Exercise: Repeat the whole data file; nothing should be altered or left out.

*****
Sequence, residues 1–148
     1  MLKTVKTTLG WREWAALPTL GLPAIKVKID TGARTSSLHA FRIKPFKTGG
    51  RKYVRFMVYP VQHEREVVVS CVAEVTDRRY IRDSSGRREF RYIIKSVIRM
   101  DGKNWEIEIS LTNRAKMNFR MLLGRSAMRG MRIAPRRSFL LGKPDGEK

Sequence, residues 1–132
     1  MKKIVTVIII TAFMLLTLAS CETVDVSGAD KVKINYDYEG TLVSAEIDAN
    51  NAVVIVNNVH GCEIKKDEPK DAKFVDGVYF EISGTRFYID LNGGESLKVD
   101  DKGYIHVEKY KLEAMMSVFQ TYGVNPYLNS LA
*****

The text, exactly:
Sequence, residues 1–148
     1  MLKTVKTTLG WREWAALPTL GLPAIKVKID TGARTSSLHA FRIKPFKTGG
    51  RKYVRFMVYP VQHEREVVVS CVAEVTDRRY IRDSSGRREF RYIIKSVIRM
   101  DGKNWEIEIS LTNRAKMNFR MLLGRSAMRG MRIAPRRSFL LGKPDGEK

Sequence, residues 1–132
     1  MKKIVTVIII TAFMLLTLAS CETVDVSGAD KVKINYDYEG TLVSAEIDAN
    51  NAVVIVNNVH GCEIKKDEPK DAKFVDGVYF EISGTRFYID LNGGESLKVD
   101  DKGYIHVEKY KLEAMMSVFQ TYGVNPYLNS LA